1. In June 1950 the Plaintiffs purchased from its then landlords an immovable property with a building thereon situated at Hamam Street, Bombay. At that time the Bombay Zionist Association was shown as a tenant in respect of a part of the second floor of the building (hereinafter called 'the said premises'). When the plaintiffs sent letters of attornment to the various tenants in the building, the letter of attornment addressed to the Association was signed by its then Secretary. In March, 1964 the Plaintiffs terminated the tenancy of the Association and filed a suit against it in the Court of Small Causes at Bombay for its eviction. In the written statement filed by the Association in that suit it was contended that the Association was an unregistered association and that the suit as filed against it was not maintainable. The plaintiffs then sought an amendment of the plaint so as to make the suit representative in character. The amendment was not allowed. The plaintiffs filed a revision application against the order disallowing the amendment, which was dismissed. The plaintiffs withdrew that suit on 14th November, 1973.
2. The plaintiffs filed this suit on 23rd April, 1974. Defendant No. 1 herein is impleaded as representing himself and all other members of the Association. Defendants Nos. 2 to 13 are parties who have been put in possession of portions of the premises by the Association, while retaining for itself some portion thereof. It is contended in the plaint that, the Association being an unregistered body, no tenancy in law could have been created in its favour and the purported tenancy recognised by the plaintiffs without knowledge of the real status of the Association is void and not binding on the plaintiffs. In regard to the other defendants it is contended that, since they claim through the Association, they are trespassers in respect of the particular portions of the premises in their occupation.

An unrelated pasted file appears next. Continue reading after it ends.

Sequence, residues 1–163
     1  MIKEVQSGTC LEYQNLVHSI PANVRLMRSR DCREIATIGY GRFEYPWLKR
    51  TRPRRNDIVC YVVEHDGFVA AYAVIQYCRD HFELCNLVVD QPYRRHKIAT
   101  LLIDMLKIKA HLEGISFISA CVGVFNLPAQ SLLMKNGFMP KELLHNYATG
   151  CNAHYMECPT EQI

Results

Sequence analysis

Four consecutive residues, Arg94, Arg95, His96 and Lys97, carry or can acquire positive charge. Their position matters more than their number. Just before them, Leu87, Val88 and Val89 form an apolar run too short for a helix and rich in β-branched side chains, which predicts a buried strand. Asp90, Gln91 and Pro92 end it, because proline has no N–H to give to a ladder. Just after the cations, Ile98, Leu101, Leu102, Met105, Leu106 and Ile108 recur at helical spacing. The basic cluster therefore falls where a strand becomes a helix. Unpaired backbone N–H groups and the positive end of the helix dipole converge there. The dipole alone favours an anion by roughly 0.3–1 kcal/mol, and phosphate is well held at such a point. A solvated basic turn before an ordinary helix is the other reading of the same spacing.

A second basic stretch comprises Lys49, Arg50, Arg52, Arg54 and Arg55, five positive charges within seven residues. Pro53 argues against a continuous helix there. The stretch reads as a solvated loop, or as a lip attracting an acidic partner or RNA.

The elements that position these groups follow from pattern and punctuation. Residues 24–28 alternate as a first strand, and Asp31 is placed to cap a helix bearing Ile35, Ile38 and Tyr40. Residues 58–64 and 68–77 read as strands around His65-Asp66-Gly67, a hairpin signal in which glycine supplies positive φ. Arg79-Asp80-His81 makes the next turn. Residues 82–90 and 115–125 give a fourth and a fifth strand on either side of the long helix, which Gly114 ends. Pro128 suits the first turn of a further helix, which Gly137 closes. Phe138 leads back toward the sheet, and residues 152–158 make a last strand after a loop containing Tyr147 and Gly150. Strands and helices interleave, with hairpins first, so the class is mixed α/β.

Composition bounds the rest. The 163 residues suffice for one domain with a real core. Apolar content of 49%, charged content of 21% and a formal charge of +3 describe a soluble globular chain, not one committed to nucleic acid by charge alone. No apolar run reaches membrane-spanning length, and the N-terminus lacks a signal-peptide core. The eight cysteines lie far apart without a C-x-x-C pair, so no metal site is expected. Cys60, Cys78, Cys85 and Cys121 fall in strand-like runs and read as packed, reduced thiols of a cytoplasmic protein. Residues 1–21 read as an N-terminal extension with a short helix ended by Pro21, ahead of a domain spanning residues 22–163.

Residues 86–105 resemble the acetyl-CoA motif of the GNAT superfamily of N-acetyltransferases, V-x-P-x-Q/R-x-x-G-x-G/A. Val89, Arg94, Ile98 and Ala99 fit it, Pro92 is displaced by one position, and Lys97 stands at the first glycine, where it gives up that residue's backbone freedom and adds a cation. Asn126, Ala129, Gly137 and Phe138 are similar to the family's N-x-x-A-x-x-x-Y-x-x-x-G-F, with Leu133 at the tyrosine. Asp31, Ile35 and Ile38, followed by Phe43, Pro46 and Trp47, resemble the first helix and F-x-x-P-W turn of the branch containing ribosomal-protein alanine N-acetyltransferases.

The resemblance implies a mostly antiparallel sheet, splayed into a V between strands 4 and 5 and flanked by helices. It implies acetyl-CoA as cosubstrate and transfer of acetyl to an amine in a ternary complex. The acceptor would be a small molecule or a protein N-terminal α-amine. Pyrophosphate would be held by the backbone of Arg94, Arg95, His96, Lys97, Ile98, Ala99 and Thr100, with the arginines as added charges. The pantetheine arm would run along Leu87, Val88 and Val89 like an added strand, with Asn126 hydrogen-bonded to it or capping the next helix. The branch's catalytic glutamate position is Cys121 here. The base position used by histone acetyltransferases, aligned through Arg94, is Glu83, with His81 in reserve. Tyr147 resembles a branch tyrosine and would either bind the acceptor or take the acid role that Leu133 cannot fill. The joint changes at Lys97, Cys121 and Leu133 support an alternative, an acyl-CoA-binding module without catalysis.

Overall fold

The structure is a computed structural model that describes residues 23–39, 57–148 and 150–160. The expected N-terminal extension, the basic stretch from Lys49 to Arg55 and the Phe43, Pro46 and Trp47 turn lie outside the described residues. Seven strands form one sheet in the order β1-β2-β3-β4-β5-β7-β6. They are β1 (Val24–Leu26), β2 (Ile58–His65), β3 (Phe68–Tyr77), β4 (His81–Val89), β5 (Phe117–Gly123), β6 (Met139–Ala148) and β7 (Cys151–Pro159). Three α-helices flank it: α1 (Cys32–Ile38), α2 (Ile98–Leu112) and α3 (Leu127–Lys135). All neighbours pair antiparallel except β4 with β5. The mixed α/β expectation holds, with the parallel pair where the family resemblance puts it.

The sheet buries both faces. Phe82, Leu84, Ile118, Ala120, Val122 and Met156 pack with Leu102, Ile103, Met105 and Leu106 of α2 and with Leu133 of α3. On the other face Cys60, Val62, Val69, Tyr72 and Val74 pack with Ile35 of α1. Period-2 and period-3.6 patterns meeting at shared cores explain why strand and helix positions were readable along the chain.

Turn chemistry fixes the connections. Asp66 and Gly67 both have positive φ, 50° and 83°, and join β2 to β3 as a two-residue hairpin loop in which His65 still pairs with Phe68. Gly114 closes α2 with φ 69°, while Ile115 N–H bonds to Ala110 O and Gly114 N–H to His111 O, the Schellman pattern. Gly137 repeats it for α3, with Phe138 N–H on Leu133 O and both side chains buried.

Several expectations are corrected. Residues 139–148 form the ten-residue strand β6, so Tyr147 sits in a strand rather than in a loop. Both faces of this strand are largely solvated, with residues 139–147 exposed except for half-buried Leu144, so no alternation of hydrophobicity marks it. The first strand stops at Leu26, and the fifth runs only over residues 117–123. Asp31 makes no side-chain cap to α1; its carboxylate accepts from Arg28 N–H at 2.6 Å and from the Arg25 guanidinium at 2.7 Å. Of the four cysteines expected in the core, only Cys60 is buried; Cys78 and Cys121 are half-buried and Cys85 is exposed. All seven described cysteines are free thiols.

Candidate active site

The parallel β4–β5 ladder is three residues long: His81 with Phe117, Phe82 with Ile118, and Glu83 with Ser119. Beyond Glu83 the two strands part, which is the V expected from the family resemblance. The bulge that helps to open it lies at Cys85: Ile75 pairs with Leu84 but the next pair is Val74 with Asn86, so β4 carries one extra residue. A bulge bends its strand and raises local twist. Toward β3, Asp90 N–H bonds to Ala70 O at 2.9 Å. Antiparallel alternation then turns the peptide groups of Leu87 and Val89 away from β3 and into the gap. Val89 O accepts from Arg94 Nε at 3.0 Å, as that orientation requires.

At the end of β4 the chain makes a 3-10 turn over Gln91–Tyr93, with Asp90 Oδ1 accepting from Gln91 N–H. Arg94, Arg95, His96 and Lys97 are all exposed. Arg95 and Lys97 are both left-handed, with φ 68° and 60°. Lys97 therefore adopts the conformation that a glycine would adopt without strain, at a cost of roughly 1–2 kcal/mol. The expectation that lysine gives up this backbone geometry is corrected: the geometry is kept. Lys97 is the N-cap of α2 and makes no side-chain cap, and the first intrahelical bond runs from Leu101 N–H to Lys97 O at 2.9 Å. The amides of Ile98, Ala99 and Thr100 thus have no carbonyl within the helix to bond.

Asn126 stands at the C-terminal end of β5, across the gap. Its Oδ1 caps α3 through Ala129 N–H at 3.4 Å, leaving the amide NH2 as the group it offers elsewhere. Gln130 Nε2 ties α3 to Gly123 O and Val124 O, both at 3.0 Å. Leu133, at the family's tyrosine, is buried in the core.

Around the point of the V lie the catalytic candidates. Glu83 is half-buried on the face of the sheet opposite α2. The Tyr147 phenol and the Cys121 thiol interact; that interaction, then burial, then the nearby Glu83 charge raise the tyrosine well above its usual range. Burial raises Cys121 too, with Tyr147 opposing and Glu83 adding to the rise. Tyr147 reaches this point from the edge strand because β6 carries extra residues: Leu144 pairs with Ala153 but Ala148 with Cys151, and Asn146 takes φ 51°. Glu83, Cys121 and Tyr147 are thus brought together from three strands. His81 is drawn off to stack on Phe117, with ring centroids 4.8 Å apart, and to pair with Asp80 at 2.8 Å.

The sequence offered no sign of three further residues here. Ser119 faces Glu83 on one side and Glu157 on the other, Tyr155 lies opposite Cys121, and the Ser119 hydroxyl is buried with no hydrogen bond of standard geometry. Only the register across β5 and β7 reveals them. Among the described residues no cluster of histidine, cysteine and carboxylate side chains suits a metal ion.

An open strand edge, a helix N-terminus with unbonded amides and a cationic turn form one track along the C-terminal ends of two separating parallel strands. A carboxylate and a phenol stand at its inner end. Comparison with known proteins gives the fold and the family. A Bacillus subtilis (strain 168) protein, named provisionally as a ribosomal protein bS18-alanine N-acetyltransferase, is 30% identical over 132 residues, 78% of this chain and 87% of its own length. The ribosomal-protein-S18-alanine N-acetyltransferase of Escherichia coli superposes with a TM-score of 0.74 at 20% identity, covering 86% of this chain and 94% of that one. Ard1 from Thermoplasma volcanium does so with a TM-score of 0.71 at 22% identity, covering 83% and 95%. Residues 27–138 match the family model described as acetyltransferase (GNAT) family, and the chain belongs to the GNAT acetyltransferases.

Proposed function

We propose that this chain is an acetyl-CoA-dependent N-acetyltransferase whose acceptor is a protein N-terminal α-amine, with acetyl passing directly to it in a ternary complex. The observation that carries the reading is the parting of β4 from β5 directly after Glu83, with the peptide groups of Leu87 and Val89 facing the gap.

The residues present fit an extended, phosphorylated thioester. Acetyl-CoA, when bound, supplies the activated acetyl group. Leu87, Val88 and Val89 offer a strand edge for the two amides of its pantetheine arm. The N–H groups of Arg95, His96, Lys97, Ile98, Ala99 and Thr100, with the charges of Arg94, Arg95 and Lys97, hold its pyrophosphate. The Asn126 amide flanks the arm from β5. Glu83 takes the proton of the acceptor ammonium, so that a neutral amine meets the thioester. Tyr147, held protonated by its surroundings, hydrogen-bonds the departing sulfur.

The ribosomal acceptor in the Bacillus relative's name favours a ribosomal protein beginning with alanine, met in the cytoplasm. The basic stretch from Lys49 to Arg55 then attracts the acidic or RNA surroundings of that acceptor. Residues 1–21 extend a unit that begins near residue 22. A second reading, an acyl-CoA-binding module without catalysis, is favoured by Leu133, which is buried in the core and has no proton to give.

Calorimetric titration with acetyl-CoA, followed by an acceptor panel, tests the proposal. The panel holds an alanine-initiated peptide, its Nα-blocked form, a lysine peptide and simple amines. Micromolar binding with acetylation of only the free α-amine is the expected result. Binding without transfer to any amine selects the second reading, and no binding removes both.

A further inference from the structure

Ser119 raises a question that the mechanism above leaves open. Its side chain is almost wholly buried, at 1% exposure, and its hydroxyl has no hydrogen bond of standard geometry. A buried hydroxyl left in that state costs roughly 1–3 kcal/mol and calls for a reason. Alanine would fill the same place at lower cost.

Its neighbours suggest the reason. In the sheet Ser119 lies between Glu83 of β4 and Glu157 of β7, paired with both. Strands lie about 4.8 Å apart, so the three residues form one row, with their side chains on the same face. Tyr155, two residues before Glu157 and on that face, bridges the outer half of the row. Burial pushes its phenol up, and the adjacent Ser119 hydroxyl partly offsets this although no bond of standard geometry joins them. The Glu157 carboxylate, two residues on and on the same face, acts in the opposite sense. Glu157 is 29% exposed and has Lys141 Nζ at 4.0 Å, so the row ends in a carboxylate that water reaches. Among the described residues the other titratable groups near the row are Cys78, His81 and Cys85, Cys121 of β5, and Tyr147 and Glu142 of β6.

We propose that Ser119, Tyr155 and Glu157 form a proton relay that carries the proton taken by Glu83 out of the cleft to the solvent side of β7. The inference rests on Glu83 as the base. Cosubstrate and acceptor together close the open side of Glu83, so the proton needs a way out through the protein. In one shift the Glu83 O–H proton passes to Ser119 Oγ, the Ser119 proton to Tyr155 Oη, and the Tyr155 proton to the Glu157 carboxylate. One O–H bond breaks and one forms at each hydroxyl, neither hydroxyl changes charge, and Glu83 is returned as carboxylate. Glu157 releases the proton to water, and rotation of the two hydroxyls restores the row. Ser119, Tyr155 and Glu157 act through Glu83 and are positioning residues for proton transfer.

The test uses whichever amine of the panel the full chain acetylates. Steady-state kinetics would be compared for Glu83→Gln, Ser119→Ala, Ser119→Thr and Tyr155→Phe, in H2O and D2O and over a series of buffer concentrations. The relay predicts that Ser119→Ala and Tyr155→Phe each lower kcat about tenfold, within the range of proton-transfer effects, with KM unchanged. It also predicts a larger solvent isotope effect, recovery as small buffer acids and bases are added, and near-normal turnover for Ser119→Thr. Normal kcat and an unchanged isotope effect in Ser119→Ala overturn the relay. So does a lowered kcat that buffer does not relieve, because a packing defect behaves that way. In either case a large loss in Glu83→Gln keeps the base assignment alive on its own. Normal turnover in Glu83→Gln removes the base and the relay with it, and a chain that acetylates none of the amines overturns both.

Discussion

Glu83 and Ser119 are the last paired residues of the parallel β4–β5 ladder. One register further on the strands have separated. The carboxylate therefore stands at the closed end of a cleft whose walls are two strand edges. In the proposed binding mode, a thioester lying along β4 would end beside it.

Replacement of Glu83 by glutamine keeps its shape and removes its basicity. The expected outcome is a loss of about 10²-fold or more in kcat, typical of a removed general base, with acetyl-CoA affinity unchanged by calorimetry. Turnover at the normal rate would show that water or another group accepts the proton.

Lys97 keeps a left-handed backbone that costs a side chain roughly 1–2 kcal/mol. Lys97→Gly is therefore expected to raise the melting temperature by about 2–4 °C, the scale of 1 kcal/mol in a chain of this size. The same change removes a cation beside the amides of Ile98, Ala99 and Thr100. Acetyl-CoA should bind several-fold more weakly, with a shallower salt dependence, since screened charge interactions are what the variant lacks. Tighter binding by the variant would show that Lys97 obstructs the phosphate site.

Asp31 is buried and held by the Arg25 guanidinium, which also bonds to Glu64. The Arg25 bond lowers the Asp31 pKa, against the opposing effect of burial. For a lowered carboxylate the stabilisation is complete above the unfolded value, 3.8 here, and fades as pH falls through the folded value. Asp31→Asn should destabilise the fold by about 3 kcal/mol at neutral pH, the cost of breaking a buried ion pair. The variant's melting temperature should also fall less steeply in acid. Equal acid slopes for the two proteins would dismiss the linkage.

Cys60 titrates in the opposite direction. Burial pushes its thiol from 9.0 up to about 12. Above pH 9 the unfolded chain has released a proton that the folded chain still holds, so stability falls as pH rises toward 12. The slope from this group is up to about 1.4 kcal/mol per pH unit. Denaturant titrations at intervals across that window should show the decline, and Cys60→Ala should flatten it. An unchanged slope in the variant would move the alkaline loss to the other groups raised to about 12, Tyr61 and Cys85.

3. Upon the contentions raised in the written statements, issues have been framed which I proceed to consider.
4. The first plaintiff was examined and he deposed to the facts mentioned in the plaint. He identified the defendants in respect of their occupation of particular portions of the premises. In cross-examination by counsel for defendant No. 1, the first plaintiff stated that he came to know that the Association was an unregistered association in the course of the proceedings in the Small Cause Court. He said that after the Small Cause Court suit had been withdrawn he had, in 1971, asked the Association to give him a list of the members of its committee but that he had not obtained that list till 1973. He was asked why he had accepted rent from the members of the Jewish community after if came to his knowledge that the Association was unregistered. He replied that he 'accepted compensation because the Association was occupying and using the premises and this was not a charity house.' Defendant No. 1 led no evidence. The other defendants examined themselves to show what portions of the premises were in their occupation and when they entered into such occupation. Upon this aspect there is no dispute.